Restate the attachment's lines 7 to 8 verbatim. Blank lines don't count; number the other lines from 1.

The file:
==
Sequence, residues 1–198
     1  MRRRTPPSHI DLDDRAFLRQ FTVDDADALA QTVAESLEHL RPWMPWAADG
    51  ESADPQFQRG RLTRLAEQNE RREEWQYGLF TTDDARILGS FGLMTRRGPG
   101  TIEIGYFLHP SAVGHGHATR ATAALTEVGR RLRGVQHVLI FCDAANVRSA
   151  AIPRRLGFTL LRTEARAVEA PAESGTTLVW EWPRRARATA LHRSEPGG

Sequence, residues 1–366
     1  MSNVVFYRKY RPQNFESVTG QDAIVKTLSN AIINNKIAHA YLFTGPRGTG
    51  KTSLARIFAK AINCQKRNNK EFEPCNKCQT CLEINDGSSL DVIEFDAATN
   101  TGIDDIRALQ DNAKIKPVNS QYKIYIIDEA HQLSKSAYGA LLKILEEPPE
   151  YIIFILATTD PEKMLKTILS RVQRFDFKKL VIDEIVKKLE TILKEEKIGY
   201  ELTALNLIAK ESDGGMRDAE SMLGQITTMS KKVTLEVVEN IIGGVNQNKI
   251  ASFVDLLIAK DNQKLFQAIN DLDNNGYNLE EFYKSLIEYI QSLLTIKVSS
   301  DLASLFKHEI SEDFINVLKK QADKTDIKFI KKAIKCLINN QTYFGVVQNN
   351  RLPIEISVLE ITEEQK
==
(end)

     1  MSNVVFYRKY RPQNFESVTG QDAIVKTLSN AIINNKIAHA YLFTGPRGTG
    51  KTSLARIFAK AINCQKRNNK EFEPCNKCQT CLEINDGSSL DVIEFDAATN